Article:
But even some more traditionally-minded gyms are finding paths, and spaces, for working out safely. One Montreal based gym, now expanding to Toronto and other cities, Silofit, is using ‘micro’ gym spaces that individuals or small groups can rent by the hour. While some larger gyms are converting their large spaces for micro-sized units or pods. 

Such methods will certainly help some gyms survive the coming months, but are unlikely to satisfy all the New Year’s demand. Some resolution holders will have to get creative if they want to work on their physical or mental fitness in 2021. 

Augmented home fitness: looking into the future with Virtual Reality

Some are seeking solutions in the tech of the future, and 2021 is only likely to accelerate both the demand and availability of future-tech fitness solutions. Already fitness video games like Nintendo’s RingFit have been huge hits during the pandemic, and you can bet some New Year’s resolutions to hit the gym in 2020 became to hit the Ring in 2021. 

Other solutions are even more ethereal. Virtual Reality (VR) fitness programs are being developed, or sold, spurred on by the pandemic’s gym restrictions. These range from addictive and immersive Virtual Reality fitness games, pragmatic apps to help correct your running posture from afar, to highly futuristic prototypes of VR running exoskeletons. Obviously, some solutions will not be ready for 2021! But that doesn’t mean that the money and energy propelled by New Year’s resolutions will not end up feeding into such projects.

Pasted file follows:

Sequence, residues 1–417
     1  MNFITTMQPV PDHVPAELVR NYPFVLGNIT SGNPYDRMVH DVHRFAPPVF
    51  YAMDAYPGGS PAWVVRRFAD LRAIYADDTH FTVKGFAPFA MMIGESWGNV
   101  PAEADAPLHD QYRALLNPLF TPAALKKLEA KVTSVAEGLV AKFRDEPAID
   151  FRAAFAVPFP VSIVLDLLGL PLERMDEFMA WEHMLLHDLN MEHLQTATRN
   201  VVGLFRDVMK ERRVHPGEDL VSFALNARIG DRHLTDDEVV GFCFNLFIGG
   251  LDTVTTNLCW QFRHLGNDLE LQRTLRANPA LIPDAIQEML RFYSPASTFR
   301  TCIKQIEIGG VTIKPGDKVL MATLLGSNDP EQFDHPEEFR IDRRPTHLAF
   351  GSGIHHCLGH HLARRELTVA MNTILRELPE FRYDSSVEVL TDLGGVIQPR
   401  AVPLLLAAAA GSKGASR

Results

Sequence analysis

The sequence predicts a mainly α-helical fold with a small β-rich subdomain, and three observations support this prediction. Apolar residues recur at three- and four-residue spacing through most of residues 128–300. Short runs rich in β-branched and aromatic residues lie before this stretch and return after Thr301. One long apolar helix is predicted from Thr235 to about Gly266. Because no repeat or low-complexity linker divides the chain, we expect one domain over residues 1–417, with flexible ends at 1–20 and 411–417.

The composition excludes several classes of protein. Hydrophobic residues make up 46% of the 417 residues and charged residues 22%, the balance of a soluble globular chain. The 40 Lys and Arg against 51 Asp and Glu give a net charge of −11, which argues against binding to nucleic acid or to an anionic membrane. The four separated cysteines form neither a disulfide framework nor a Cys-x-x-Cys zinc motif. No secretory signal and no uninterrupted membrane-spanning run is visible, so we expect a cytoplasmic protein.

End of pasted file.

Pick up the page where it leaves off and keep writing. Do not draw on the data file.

Curating Mental Fitness: Embracing the Rritual’s of the past with Adaptogens 

With gyms still posing a threat to personal health, and technological solutions still limited, other New Year’s Resolution makers will be turning their efforts inwards, and backwards in time. Focusing on the self and improving your way of living can go beyond stepping into a gym more often, particularly after a stressful year like 2020. Resolutions to meditate more, lower stress and anger levels, and be more positive are all part of the same trend towards self-improvement. 

One of the main sources such efforts are directed towards is the past. The wisdom of ancient cultures and previous generations are at the forefront of many minds in a year when these very same sources have been most imperiled. Such inspiration is often more concrete, and accessible, than the technological solutions of the future, and some companies are dedicated to making them mainstream. 

To continue with our Canadian examples, Rritual is a ‘superfood’ company harnessing the health and wellness potential of ancient ingredients like functional mushrooms or versatile adaptogens. Focused on fighting the very problems 2020 forced on most of us, such as stress, sleeplessness, concentration/focus, and even immunity, they are immediately accessible and ideally positioned to become a core element of individual’s 2021 mental fitness efforts. 

Don’t drop your New Year’s motivation just because the gym is off limits

Regardless of what people may have pledged for yourself for the New Year, whether it is getting in shape, living more sustainably, or bolstering your mental health, there will be solutions out there, just not in gyms this year. Solutions, which may vary in shape, form or inspiration, but all of which are suited in their own way to helping people tackle their self-improvement goals. Be it mushrooms in their coffee or a gym session in their headset, these solutions are only likely to grow in importance, and profit, as New Year’s resolutions push us all towards personal betterment. 

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Featured Image by Humphrey Muleba from StockSnap